September 8, 2019: “Do you want me to read you the really sad poem I wrote last week?” Lilly* asks.
“Gee Lilly, I don’t know,” I say. “Not if it’s really sad.” I’m feeling a little melancholy myself.
“I’m gonna read it to you anyway.” Lilly has a mind of her own, no doubt about that! She and I have been playing Scrabble on Sunday nights for about year. I go to her place sometime between 7 and 8 p.m. and we play for an hour and a bit. She tells me the same stories over and over as we play, and I listen like it’s the first time every time.
Lilly is a fine Scrabble player, and I lose about as often as I win. She also has a great sense of humour, and is generally pretty positive despite her many physical challenges including spinal stenosis, which keeps her hunched over, in pain and using a walker.
I’ve come to learn quite a lot about Lilly, who will turn ninety on Valentine’s Day 2020. She has six children (a seventh died a few years ago), and ten grandchildren. Great grand twins are expected in November, and Lillly is determined to live until they’re born.
Lilly’s family members call and visit often, and although I’m not there to witness it, I’m certain at least one of them is in touch each and every day. She has other regular visitors, including me, and she goes to a full day adult program (which she adores), on Mondays, Thursdays and Fridays. She has LOTS of contact with family, friends, and support workers. But sometimes, because of her dementia, Lilly forgets about the abundance of social interactions she enjoys, and she feels lonely as we all do from time to time. When that happened last week, Lilly, who is a great poet and writer, put pen to paper.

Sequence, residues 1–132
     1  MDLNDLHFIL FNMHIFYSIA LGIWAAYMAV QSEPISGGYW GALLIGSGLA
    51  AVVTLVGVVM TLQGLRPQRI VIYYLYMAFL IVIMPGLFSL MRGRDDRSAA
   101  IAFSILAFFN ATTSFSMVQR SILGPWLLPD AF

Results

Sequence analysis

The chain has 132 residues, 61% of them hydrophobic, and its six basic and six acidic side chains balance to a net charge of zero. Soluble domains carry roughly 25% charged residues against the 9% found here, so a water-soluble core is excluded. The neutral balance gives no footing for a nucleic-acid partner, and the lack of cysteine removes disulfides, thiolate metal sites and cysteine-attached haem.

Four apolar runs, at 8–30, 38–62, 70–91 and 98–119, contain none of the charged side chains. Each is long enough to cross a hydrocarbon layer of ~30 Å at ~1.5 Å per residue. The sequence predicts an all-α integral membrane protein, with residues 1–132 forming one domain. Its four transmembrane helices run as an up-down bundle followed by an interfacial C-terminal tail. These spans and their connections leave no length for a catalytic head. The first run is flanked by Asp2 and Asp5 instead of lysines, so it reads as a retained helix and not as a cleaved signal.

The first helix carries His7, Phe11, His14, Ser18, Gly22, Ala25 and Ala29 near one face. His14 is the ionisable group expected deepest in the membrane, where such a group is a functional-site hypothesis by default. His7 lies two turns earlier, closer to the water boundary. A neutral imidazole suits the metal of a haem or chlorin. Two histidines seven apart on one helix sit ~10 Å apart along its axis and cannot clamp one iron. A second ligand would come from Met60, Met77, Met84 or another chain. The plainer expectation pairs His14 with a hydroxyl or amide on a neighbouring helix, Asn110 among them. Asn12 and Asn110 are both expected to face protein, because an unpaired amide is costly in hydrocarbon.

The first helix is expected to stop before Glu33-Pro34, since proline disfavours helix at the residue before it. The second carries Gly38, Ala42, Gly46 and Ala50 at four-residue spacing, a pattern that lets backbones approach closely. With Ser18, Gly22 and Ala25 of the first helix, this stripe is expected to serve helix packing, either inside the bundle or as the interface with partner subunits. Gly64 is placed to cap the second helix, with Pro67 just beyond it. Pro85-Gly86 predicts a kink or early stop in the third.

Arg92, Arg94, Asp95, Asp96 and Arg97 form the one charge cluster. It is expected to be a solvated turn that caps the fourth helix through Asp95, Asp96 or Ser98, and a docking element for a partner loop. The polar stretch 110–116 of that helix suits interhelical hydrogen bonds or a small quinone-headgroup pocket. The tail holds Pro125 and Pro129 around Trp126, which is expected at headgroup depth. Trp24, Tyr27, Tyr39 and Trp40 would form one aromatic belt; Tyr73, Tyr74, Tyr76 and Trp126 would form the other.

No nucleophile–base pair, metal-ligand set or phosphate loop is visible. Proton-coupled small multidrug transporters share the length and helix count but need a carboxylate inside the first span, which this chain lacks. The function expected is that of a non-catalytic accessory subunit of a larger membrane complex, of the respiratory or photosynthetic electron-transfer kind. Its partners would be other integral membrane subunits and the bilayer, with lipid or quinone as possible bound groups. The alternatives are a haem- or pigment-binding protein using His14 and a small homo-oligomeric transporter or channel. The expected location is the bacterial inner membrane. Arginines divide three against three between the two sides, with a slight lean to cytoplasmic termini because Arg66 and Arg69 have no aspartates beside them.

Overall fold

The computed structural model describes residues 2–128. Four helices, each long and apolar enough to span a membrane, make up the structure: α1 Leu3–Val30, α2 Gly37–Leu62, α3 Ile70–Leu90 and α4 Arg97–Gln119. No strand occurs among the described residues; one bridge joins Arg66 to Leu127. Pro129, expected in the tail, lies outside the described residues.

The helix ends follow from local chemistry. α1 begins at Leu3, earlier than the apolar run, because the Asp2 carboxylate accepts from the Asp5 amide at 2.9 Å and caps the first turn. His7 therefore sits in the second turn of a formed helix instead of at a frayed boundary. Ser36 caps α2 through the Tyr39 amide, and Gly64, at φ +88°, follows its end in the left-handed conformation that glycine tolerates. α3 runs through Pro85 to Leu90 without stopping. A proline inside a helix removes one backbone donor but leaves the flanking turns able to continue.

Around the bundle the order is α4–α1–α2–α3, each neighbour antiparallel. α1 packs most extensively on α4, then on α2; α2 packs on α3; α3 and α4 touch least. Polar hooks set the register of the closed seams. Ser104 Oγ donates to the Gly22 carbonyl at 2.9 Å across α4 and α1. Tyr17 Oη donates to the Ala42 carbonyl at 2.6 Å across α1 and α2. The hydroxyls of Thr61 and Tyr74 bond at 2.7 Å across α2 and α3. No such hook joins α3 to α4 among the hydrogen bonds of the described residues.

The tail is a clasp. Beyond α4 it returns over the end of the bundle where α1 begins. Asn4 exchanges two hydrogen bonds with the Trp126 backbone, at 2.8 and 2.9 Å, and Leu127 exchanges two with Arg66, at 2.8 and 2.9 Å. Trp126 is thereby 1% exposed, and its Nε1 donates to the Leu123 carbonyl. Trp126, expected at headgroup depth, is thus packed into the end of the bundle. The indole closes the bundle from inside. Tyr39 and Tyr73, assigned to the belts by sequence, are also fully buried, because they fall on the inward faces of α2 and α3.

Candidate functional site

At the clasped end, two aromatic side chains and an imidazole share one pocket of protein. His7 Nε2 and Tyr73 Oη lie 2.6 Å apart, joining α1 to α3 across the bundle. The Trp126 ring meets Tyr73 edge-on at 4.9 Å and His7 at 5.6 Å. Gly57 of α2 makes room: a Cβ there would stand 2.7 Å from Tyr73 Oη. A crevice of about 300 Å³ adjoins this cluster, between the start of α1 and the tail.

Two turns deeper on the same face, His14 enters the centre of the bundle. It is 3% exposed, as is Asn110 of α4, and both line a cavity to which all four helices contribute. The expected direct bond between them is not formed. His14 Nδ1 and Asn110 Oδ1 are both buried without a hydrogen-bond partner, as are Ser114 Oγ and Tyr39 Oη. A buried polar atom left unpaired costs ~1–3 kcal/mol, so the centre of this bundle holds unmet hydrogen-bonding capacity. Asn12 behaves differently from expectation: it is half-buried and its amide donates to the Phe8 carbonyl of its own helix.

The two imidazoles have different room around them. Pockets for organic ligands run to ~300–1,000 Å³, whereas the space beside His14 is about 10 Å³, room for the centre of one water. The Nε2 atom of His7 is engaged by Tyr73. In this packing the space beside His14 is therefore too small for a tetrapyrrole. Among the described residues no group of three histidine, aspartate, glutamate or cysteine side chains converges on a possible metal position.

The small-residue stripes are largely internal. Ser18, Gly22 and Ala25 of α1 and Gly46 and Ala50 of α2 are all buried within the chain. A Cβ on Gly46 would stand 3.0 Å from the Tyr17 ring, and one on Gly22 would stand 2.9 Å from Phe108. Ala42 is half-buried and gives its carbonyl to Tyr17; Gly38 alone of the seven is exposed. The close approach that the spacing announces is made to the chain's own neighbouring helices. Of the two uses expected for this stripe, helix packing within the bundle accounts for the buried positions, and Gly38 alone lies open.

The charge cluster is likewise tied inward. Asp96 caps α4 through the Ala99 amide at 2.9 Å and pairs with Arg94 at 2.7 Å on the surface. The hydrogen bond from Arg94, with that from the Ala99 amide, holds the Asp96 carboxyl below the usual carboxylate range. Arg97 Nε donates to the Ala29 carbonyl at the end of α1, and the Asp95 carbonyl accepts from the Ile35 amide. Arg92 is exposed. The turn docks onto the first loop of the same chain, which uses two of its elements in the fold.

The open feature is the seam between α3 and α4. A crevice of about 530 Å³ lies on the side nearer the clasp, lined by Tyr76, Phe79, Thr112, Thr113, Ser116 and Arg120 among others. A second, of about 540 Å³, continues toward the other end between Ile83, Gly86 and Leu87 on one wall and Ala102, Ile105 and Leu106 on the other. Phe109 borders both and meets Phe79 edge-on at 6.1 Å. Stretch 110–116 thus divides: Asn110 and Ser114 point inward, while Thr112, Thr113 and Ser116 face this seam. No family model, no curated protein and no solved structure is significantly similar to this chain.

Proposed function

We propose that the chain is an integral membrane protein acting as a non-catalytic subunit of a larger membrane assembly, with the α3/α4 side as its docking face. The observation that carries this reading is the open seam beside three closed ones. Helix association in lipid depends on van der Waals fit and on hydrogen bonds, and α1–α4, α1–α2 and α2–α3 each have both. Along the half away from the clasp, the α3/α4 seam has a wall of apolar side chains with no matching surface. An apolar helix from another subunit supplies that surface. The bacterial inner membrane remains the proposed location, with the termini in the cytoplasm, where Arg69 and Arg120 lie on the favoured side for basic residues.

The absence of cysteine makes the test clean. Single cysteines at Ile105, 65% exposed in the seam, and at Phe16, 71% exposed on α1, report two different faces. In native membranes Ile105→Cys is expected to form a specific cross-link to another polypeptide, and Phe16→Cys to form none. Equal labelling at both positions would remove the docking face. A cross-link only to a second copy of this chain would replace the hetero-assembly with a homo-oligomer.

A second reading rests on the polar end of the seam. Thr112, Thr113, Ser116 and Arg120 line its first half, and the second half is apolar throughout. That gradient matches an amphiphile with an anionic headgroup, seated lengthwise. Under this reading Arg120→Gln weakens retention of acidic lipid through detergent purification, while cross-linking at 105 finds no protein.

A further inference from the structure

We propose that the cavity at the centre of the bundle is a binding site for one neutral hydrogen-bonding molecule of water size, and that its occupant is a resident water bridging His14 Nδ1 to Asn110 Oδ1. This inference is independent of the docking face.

As she read me the poem she had written, tears came to my eyes, and at the end, my heart broke with despair. Lilly gave me permission to share her poem (with a few tiny tweaks by yours truly):
©2019 Lilly & Susan Macaulay
i haven’t had a visit
i haven’t had a call
it really seems my family
doesn’t care at all
this is a special weekend
too bad that they don’t see
i’m lonely and I feel
that no one cares for me
i’m old now and I guess
i’m a bother to them all
but oh! how I am wishing
that one of them would call
i do not like the message
their silence seems to send
it comes through loud and clear:
they wish my life would end
Please don’t forget people who live with dementia, even though they may forget you. Call often. Visit often. Hold their hands in yours. Hold their hearts in yours. Tell them you love them over and over and over again, especially when they may not remember what you have said. It means the world to every one of us, young and old, living with a disease or not, to feel we are loved.
* Not her real name.
©2019 Lilly & Susan Macaulay. I invite you to share my poetry widely via this post, but please do not reblog or copy and paste my poems into other social media or blogs. Thank you.